About a year later, I got an unexpected message from her ex boyfriend from our high school years, a guy I hadn’t talked to in well over twenty years. He had a book that I had lent my ex friend, back when we were teenagers (also when they dated, although I think they both carry a torch for each other). He wanted to know how to return it to me. It had been well over twenty years and I had already replaced the book, so I told him to keep it.

I’m sure she put him up to messaging me. There’s no reason he would have otherwise. We weren’t close when we used to know each other. I think she wondered if I’d dish to him. I kept it polite and non-committal because I expected he’d return and report to her. This is what’s known as “Hoovering”. Just like the vacuum cleaner, it’s an attempt to suck someone back into a relationship. Narcissistic people never really let anyone go completely. One way to tell that someone you had dealings with is narcissistic is that they “Hoover”. I suspect that her ex boyfriend was unwittingly serving as a “flying monkey”… doing dirty work on her behalf.

A lot of narcissists will try to Hoover.

Several more years passed. Then, in February of this year, I got an unexpected private message from my former friend’s brother. Again– while we were Facebook friends at one time, I hadn’t spoken to him in years and he wasn’t active on Facebook, so I unfriended him. Out of the blue, I got this message, supposedly from him, with an update on ex friend’s life, including news about the daughter she never told me about. I was tempted to respond to that effect– that I hadn’t even known she’d been pregnant, so I figure we aren’t friends anymore. But I’ve learned that the best thing to do is not respond. No contact is essential.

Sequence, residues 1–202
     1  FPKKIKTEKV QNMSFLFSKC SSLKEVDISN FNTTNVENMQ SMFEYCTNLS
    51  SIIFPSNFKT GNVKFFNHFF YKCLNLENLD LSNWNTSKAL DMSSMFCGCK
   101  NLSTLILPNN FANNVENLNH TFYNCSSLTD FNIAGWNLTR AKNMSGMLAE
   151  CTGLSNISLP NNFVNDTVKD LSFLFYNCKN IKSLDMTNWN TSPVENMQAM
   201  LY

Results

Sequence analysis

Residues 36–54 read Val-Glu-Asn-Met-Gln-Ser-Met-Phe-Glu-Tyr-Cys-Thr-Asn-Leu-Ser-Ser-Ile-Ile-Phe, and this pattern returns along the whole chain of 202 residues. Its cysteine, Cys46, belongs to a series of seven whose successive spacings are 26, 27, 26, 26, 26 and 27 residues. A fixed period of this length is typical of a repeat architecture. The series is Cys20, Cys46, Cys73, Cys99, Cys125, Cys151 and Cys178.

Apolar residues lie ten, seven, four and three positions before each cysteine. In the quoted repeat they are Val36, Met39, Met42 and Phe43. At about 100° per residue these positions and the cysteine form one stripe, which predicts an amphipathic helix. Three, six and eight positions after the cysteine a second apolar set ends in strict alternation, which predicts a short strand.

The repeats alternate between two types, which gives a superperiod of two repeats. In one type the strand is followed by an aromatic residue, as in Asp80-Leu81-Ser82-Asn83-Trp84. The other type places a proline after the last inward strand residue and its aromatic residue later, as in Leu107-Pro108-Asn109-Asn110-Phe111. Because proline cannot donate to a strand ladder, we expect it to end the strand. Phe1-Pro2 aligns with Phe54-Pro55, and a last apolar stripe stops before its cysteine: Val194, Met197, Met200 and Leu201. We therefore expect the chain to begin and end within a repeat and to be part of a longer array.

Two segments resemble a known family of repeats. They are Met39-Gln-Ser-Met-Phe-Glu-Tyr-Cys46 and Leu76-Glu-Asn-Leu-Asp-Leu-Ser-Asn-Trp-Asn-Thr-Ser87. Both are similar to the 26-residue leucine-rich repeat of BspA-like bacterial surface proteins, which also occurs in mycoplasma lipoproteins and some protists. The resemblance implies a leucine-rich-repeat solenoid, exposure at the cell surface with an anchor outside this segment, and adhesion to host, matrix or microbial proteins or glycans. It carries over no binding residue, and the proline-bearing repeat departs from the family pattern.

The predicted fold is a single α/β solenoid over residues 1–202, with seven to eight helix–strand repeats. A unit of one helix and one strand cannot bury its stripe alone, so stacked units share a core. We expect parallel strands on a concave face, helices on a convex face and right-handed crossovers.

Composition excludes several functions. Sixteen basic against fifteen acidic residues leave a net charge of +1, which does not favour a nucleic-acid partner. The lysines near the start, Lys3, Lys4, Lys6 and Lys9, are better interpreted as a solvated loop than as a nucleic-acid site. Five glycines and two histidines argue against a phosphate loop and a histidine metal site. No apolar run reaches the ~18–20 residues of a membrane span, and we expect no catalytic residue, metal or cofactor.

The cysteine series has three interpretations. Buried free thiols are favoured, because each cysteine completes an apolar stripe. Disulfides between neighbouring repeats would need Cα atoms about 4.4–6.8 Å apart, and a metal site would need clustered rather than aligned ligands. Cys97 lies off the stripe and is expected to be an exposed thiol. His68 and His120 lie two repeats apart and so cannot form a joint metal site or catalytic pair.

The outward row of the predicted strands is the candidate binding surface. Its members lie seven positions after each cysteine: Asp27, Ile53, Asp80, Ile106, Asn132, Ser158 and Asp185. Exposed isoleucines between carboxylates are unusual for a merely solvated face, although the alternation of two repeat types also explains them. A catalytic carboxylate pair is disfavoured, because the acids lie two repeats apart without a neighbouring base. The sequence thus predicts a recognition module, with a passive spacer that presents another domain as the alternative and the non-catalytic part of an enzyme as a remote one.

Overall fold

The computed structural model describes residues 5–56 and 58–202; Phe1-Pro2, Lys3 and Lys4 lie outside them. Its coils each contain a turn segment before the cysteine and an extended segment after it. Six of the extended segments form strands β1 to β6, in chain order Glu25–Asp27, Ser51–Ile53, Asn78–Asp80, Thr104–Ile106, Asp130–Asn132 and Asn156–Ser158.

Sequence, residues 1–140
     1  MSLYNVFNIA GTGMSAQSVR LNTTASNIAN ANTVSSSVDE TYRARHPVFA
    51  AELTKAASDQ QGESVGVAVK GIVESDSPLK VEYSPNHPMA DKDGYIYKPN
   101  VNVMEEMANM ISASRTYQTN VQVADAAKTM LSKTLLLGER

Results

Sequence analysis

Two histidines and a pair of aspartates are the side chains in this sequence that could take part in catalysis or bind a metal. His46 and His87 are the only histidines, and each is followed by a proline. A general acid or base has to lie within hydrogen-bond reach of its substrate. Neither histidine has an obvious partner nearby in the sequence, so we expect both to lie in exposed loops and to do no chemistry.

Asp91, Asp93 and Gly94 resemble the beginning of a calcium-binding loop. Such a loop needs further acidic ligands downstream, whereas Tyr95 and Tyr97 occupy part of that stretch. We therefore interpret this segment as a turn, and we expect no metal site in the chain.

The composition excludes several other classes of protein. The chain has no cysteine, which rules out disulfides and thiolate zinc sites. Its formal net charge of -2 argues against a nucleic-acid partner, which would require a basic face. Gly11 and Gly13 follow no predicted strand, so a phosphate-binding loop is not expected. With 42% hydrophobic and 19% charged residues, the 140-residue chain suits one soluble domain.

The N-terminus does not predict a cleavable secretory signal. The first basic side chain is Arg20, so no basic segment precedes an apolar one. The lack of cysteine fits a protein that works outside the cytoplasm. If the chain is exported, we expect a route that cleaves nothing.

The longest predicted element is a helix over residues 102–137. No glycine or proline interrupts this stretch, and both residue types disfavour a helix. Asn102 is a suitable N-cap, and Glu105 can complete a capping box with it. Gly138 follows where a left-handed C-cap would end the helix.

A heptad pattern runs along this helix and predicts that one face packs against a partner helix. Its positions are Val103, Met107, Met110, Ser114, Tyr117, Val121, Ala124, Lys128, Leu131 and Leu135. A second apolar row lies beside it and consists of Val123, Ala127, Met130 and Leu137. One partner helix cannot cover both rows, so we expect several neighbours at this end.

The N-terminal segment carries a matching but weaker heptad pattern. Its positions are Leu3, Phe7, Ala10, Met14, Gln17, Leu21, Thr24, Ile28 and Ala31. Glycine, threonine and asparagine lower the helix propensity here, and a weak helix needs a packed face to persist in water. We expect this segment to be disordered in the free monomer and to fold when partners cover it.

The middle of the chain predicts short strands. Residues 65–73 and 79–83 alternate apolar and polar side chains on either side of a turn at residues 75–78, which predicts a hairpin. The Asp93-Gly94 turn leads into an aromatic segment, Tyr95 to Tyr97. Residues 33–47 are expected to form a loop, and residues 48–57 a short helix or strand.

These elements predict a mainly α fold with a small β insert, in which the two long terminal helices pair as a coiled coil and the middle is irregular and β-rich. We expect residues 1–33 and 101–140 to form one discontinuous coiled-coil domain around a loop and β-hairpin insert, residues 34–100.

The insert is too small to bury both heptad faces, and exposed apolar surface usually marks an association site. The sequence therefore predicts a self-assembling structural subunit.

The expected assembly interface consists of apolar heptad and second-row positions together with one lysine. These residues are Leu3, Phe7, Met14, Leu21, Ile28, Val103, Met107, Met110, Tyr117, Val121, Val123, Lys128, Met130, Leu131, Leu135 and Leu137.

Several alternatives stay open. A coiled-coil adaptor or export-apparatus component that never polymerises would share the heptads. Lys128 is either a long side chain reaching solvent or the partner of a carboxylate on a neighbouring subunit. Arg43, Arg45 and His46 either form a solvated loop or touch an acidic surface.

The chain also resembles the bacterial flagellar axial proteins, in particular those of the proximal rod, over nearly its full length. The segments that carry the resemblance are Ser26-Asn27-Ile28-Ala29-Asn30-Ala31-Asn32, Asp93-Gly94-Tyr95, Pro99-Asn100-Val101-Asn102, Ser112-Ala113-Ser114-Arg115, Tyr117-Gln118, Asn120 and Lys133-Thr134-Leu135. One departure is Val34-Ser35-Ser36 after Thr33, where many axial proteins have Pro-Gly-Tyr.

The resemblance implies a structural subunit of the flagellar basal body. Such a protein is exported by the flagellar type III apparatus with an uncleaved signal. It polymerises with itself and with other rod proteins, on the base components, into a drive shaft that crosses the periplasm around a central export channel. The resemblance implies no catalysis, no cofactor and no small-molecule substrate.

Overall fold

Moreover, I had a feeling that it might have actually been her sending the message. Maybe she got access to his account and sent me the message because I didn’t have him blocked (I did have her blocked at that time). Either way, I was certain that even if it was a message from her brother– not a bad guy, by the way– she put him up to it. And it had NOTHING to do with her wanting to be friends with me. I was just a possession to her. She was just looking for supply. It didn’t need to come from me. It could have come from anyone. She hasn’t changed. Narcissists never do.

I wrote the below passage in a blog post I wrote back in 2013. I sure called it, didn’t I?

Something tells me she will eventually pop up on Facebook again or send me an email to tell me about her baby or whatever other news she feels compelled to share.  Or she’ll want to take advantage of my super long memory or knowledge and she’ll contact me for that reason.  I’ve watched her do it to other people over and over again.” 

But… I would be lying if I said I didn’t regret the loss of the “friendship”, or at least the illusion of the friendship. The truth is, we had many good times together. We spent many days and nights together playing. We went on trips together– shared books, movies, music, and many Saturday mornings playing with our Barbies together. And, at least until we got to high school, we genuinely liked each other, and it felt like a real friendship, even if people close to me didn’t like her and repeatedly warned me about her self-centered behavior.

But then it started to become clear that she just wanted me around to make herself feel better. There was no reciprocity in our relationship. I was doing most of the work to keep the relationship going, and many times, after talking to her or messaging with her, I was left feeling really angry and upset. She has a way of making cutting remarks that are intended to make the other person feel small. She never misses the opportunity. I also noticed that she wasn’t interested in my successes or triumphs. She only liked to see my failures, vulnerabilities, and heartbreaks. And not because she wanted to offer support.